Indio OKs plan to hold, expand Coachella festival through 2030

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Any uncertainty over the long-term home for Goldenvoice’s Coachella Valley Music & Arts Festival and its country cousin Stagecoach has come to an end. Indio on Wednesday granted approval of Goldenvoice’s proposal to stage and expand its festival offerings in the desert city, clearing the way for an agreement that will keep Coachella and Stagecoach in Indio through at least 2030.

Goldenvoice, a subsidary of AEG Live, has in turn agreed to increase the amount of per-ticket revenue it shares with the city begining in 2014. For its 2013 festivals -- Coachella will be held the weekends of April 12 and April 19 and Stagecoach is set for the weekend of April 26 -- the promoter is giving $2.33 per ticket sold to Indio. Starting in 2014, that figure will increase to $5.01 per ticket sold, said Joe Lim, Indio’s planning manager.

Indio’s City Council voted 4 to 0 in favor of Goldenvoice’s proposal. Mayor Elaine Holmes did not vote because of a conflict of interest regarding property holdings near the festival grounds. Lim said reaching a long-term agreement with Goldenvoice would be a “significant milestone” in the development of the desert city, which has taken to calling itself the “city of festivals” and features a guitar amp in its logo.


TIMELINE: Coachella and Stagecoach

In March, the city’s Planning Commission, which oversaw Goldenvoice’s bid and collected public statements, recommended that the council approve the bid in a 5-0 vote. In making its pitch for long-term expansion, Goldenvoice prepared a thousand-plus-page environmental impact report, which Indio made available for public scrutiny in late December.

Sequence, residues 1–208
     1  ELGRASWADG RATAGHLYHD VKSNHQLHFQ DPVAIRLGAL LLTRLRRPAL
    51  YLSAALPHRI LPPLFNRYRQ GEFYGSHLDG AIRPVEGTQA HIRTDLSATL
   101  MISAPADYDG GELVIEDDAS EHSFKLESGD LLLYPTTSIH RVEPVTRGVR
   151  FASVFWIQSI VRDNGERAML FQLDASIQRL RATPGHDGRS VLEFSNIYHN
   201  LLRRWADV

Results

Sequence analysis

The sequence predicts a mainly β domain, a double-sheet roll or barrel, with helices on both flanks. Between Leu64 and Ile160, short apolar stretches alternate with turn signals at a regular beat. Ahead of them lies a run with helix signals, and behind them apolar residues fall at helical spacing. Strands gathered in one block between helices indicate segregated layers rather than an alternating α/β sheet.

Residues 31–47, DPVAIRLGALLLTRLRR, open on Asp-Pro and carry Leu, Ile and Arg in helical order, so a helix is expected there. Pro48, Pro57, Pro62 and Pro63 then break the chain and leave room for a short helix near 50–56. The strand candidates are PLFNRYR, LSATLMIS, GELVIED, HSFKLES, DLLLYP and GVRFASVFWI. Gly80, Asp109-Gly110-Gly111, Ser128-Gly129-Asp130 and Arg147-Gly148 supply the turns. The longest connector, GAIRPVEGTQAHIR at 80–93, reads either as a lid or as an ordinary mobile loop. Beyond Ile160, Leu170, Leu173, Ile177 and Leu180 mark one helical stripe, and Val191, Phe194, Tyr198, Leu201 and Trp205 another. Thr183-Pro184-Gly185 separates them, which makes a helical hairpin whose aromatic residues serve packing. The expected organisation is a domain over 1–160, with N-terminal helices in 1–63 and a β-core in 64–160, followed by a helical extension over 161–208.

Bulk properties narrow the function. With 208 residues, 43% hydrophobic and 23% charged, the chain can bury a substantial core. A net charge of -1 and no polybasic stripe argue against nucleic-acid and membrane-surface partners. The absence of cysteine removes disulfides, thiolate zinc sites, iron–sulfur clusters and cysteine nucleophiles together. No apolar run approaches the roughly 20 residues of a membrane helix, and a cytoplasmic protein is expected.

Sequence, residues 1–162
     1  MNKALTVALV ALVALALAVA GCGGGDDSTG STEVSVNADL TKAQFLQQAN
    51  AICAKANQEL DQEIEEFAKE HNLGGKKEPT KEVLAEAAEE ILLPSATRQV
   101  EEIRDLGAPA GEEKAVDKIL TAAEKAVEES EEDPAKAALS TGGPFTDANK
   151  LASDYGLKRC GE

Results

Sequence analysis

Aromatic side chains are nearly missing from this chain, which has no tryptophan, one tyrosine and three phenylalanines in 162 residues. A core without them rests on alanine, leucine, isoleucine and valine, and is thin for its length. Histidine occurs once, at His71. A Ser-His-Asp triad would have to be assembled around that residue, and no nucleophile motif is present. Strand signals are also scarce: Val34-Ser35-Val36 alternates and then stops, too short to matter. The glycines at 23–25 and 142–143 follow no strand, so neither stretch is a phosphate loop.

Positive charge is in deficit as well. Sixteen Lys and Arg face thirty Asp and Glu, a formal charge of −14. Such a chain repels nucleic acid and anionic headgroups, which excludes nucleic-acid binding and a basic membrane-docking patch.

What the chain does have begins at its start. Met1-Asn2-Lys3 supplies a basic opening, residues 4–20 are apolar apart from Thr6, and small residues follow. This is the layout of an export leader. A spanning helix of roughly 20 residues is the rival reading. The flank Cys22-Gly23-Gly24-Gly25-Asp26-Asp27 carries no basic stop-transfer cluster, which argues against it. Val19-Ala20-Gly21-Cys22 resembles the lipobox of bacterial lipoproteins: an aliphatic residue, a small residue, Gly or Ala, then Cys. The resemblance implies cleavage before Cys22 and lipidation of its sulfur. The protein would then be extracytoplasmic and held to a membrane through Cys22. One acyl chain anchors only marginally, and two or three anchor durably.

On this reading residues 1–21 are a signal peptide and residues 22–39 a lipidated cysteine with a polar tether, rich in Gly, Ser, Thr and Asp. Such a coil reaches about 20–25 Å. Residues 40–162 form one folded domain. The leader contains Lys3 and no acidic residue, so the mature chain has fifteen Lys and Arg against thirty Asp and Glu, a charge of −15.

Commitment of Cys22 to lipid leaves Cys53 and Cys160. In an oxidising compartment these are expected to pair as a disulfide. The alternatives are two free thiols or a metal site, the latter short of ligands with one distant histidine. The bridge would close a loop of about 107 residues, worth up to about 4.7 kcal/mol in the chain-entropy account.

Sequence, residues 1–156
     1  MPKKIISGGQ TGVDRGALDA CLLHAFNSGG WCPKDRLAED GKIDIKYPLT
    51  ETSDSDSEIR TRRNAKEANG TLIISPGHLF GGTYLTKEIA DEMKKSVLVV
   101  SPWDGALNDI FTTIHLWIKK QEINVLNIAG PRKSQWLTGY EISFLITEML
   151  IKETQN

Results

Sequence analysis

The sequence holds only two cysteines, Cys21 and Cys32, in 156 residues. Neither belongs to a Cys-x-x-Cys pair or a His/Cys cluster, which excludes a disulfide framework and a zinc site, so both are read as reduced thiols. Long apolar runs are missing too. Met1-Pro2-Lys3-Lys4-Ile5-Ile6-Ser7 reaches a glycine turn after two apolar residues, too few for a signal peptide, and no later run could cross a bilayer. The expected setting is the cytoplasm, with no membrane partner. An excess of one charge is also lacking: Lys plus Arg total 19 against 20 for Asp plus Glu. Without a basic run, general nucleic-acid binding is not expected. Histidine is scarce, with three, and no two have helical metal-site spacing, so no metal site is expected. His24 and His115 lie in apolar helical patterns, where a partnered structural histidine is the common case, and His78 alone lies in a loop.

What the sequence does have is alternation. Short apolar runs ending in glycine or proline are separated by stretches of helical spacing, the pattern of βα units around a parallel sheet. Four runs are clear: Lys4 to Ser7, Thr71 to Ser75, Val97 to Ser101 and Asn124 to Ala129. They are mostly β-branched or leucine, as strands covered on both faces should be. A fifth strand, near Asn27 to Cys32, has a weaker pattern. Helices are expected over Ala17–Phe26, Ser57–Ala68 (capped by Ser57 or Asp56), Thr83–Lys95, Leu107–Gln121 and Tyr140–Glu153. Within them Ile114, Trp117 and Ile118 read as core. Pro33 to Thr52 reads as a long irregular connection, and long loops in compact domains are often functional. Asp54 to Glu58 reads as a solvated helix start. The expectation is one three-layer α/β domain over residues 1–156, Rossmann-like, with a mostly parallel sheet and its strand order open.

Perhaps most importantly, at least from a fan perspective, the proposal lays the groundwork for Goldenvoice to expand from offering three high-capacity events each year to five. Coachella’s dual weekends, followed by the fest’s country music Stagecoach, a post-Coachella fixture in Indio since 2008, will remain, and the promoter will have the freedom to stage two concerts in the fall -- one festival with a maximum capacity of 75,000 and the other topping out at a whopping 99,000 attendees. There is no guarantee that Goldenvoice will stage festivals in the fall.

“Our tourist season begins in October and ends in April, so to begin with two festivals and end with three more would book-end nicely,” said Dan Martinez, Indio city manager. “It has huge support on a city level. It really impacts our community greatly. Many people would like to see the number of festivals expand.”

Held at the Empire Polo Grounds since its 1999 inception, Coachella has a reputation for presenting a heavily curated lineup that connects the dots among hitmakers, underground artists and those on the comeback trail, all within a desert setting that’s increasingly becoming more resort-like, with upscale options to match (at the highest end of the VIP configurations there are $6,500 air-conditioned tents).